Versions of neuro-nano-tech have appeared in my work—an early short film, short stories, unpublished manuscripts—since I was young. I’m fascinated by neuroscience and also psychology, and in the rapid changes in neuroscience and bioscience more generally because of technology. How can we so radically alter an organ we barely understand? I’m also fascinated by perception. Someone is convinced they have seen a ghost—science says there must be an explanation, but even if there is, the emotional imprint, the response, of the individual can’t be dismissed. With mental illness, the concrete world or ‘reality’ as we may call it, can be distorted or differently perceived. The body can feel different in space. Time can feel different. These are all things I will continue to explore.
Is this what led you to their settings—to the future and the past?
I like to think about how we are already living in the ‘future’, how we accept and absorb rapid technological progress (and absurd political and social shifts), so setting something in the near future was a way to explore the consequences of flawed humans having extreme abilities through tech. The nineteenth century was also a time of rapid change, but again with contrasts of scientific progress and social conservatism. In both eras I am interested in how it feels to be there, in a body, particularly as a woman.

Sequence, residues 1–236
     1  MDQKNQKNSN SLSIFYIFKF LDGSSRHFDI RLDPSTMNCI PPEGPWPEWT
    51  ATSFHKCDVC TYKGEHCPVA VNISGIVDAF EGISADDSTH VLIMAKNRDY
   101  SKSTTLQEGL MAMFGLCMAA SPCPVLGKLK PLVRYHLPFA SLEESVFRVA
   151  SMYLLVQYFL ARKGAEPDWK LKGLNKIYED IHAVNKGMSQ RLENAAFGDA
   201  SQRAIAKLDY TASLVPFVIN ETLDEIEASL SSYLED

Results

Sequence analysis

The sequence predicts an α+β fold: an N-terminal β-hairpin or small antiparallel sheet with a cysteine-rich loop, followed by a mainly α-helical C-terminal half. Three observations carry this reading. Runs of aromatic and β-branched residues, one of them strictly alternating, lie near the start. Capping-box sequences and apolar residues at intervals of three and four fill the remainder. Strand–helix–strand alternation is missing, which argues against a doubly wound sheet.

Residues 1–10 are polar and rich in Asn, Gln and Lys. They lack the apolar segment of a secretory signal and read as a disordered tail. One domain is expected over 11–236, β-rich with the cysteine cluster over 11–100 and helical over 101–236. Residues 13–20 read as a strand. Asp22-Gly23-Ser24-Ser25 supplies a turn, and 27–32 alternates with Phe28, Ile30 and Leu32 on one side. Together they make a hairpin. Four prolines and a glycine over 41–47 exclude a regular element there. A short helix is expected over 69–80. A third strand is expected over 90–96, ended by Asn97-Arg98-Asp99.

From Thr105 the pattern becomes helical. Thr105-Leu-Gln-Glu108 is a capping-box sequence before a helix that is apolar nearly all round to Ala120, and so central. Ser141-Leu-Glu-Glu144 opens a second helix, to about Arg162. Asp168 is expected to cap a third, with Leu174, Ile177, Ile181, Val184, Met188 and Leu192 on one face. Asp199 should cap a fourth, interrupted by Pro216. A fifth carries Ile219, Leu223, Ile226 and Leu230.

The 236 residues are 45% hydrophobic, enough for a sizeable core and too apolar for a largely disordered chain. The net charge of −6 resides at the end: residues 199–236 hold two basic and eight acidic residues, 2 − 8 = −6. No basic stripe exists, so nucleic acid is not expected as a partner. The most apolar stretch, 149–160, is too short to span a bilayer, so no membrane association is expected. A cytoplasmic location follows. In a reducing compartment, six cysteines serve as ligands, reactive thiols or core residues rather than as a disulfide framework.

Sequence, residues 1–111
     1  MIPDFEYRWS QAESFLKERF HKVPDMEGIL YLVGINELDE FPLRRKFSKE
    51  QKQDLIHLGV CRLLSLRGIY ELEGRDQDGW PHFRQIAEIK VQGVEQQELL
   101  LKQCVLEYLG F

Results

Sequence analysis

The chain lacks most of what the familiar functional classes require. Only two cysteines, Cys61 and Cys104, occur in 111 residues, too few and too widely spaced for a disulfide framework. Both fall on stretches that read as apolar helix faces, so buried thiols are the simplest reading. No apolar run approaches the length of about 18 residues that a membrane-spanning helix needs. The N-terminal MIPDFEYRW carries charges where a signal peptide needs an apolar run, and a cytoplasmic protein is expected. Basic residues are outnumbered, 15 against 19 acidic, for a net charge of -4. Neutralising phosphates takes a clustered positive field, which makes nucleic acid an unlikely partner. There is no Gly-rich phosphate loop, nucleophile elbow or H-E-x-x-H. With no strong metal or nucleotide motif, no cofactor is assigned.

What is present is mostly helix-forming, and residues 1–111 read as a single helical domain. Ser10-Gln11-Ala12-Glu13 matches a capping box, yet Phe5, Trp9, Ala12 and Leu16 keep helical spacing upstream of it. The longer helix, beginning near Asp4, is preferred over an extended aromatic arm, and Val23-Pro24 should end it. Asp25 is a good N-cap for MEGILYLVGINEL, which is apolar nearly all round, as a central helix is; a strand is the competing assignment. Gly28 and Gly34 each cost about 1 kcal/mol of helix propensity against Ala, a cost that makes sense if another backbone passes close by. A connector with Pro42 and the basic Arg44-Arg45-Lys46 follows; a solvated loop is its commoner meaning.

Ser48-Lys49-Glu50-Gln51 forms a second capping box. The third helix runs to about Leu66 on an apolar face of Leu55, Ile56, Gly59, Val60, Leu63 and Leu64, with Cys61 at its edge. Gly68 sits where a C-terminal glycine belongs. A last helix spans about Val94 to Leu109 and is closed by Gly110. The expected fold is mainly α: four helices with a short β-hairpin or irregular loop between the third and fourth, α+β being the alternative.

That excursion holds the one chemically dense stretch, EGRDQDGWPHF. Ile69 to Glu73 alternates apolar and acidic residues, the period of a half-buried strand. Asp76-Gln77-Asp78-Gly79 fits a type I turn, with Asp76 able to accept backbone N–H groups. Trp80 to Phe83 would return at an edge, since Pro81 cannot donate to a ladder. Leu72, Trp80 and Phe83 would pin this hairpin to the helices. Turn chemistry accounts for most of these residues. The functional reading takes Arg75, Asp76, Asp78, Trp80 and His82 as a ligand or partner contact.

The various reactions to Jeff—a flawed human with an extreme tech-facilitated ability—have been fascinating. His dying honesty makes him seem ugly in many ways; he reveals how damaged he is, and how much damage he has caused. But there is something entirely normal about him. What drove the complexity of this character?
You’re right. He’s a normal, self-absorbed man, with fears, desires, obsessions. I’m interested in his context: someone growing up now, the normalisation of selfishness, of the self as deserving, and the war this creates within the mind. And still, despite much progress, Jeff’s inability to see women as whole people—there’s a block there, which is again from his context (and that doesn’t excuse it—men who don’t engage with the ways they are shaped and privileged by the structures they live in … well, the commentary is within the novel itself!).
A Superior Spectre is ambitious, it defies neat categorisation and poses questions with complex answers. But this made it a risk—one that many publishers weren’t willing to take. I’m certainly glad, as are many others, that Ventura did. What drove you to publication, despite the risk?
Because it was the best thing I have written, and I (and my agent) pushed on, hoping the right publisher would come along. I think if writers ever thought about the risk they were taking (in writing something that perhaps defies neat categorisation, in a marketing or product sense) then nothing good would be written. I had to write the story I felt compelled to write, and hope there was a place for it. And it took time, but it happened. Peter Bishop Books/Ventura has been the perfect fit—they loved it and they haven’t forced it to be anything but what it is.
You can purchase A Superior Spectre from Ventura Press.
Jay Anderson is a professional writer and editor, with a background in Literary and Cultural Studies. He’s currently completing an Honours of creative writing at Curtin University—where he is the Chief Editor of the campus’ student publication, Grok Magazine.